The show is never the same twice. Ostensibly that’s because there are nine Tarot cards representing different skits and not time to perform them all. By yelling ‘Brucie’ in honour of the late Mr Forsyth at each in turn, the audience – now complicit in the madness – choose which will be performed, and in which order.

But the main sense of exciting unpredictability comes from the performers’ willingness to muck about, while stilling keep their eyes on the prize punchlines. This sketch supergroup – comprising Ed Easton and Kath Hughes from Gein’s Family Giftshop and Goose’s Adam Drake – are literally bouncing with enthusiasm at the chance to do this. They tease, provoke and dare each other to keep things spontaneous while offering a running commentary (‘Horrible, isn’t it?’) to include the audience in their conspiracy.

A sauna-based scene involving Easton and Drake in only their too-small towels, superficially about toxic masculinity, is a fantastic bit of high-stakes slapstick – especially given the presence of a teenager in the room; jeopardy that Easton milks for all it’s worth. It might not be too sophisticated, but it’s laugh-from-the gut hilarious, heightened by the repetition of a choice turn of phrase.

Sketches tend to start conventionally, such as the ‘shall I play mother?’ premise listing a lot of parental clichés, before spiralling off into the bleak. Death, incest and bloody injuries are all on the menu. 

Meanwhile dabbling int the Tarot cards means they are flirting with powers they cannot hope to understand, which can surely only end badly. In fact, they end with the same manic pandemonium that has hallmarked the whole hour, just amped up even further. Performances from all three are never less than compelling: bold and fearless; over-the-top in comedy but taut and dramatic when needed.

Comparing Tarot to League of Gentlemen seems trite, but they invite it with their publicity including a quote from Reece Shearsmith. He found it ‘brilliant’ and it would be hard to disagree with that verdict of this high-octane hot mess that’s one of the balls-out funniest shows on the Fringe. Quite literally, if that towel sketch goes wrong.

4.5 stars


Max & Ivan: Commitment

Fringe stalwarts Max Olesker and Ivan Gonzalez must have warped time to create this show. Somehow they have crammed about 90 minutes of story, some impressive set pieces, and jokes upon jokes upon jokes all into this one hour.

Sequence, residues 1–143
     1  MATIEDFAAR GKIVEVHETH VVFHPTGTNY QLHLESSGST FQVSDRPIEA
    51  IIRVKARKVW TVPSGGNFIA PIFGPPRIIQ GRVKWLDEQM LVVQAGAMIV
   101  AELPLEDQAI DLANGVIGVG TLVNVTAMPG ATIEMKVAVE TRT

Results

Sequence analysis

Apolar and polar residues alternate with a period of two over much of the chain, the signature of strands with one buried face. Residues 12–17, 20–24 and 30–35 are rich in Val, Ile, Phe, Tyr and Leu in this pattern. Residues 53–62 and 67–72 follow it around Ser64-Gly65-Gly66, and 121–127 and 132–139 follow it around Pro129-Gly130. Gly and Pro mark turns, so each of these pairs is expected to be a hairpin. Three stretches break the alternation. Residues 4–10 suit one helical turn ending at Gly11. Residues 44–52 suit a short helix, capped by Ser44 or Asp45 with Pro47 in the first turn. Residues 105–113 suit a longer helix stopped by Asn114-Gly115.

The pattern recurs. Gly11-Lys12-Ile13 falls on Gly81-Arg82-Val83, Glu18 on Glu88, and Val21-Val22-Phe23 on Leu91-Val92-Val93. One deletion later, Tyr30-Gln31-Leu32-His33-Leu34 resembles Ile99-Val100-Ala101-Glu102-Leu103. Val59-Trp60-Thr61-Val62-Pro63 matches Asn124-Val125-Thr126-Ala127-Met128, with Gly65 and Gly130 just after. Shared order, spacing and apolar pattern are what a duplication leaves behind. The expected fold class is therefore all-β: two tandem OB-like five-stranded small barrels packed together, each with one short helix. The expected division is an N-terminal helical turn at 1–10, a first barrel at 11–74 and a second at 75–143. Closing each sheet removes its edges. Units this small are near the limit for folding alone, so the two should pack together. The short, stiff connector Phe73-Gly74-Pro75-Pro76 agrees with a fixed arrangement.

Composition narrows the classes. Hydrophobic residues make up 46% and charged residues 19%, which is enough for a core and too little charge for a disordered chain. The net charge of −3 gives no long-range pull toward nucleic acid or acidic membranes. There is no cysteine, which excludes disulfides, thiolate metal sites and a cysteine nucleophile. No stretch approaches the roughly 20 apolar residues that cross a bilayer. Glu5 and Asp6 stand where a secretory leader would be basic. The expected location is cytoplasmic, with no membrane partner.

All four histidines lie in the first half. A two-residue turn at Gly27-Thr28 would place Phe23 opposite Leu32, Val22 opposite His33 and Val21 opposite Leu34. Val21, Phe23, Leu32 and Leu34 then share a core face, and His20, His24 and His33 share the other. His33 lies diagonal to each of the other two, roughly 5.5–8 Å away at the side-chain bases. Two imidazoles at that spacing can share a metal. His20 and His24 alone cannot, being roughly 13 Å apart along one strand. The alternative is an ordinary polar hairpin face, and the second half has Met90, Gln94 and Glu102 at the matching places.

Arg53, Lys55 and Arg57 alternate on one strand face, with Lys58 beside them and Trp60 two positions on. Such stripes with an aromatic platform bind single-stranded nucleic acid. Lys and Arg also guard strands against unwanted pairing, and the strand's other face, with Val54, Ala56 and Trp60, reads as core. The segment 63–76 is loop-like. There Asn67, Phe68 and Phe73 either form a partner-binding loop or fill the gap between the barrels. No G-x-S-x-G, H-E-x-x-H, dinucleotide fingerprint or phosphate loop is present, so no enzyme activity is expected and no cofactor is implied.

Their narrative, far more autobiographical than usual, is that Ivan appointed Max as best man for his wedding, which of course meant planning the stag do. Ivan’s got a great track record as a party-planner and had the notion of getting Ivan's adolescent band back together. However, that plan was hamstrung by the small issue that none of the other members, now flung to the four corners of the globe, wanted to do it. So what to do instead?

We start this warm celebration of the pair’s friendship before they met. Witness the embarrassing pictures of Ivan from back when he was the frontman of Voodoo 7:2, as well as some as Max in his teenage wrestling career. Cringe-inducing old photographs are often the mainstay of Fringe shows, but entertaining as they are, they are one of the less interesting parts of the jigsaw here. (The old recordings of Ivan's singing voice are quite a different matter).

Max tells the story of their shared history and party preparations with a relatively straight bat, while Ivan is the eccentric dolt, jumping in with wild digressions and idiotic misunderstandings – not to mention remarkably clear diction and expressive hands, as a previous review has pointed out. Not that Max is entirely off the hook in the shameful past stakes – he’s shown as having made some dubious youthful decisions, too.

Commitment is rammed with inventive in-jokes and savvy wordplay. It’s directed by fellow comic Kieran Hodgson, who has a track record for making multi-layered shows of his own, and the same discipline is applied here. That Ivan seems to live in a world of his own, obsessed with an obscure vocabulary-building app, a master of the art of facebusking, and creator of a new sort of rhyming slang (Ivanglish™) adds a delicious absurdity. You’ll never see a % sign in quite the same way again.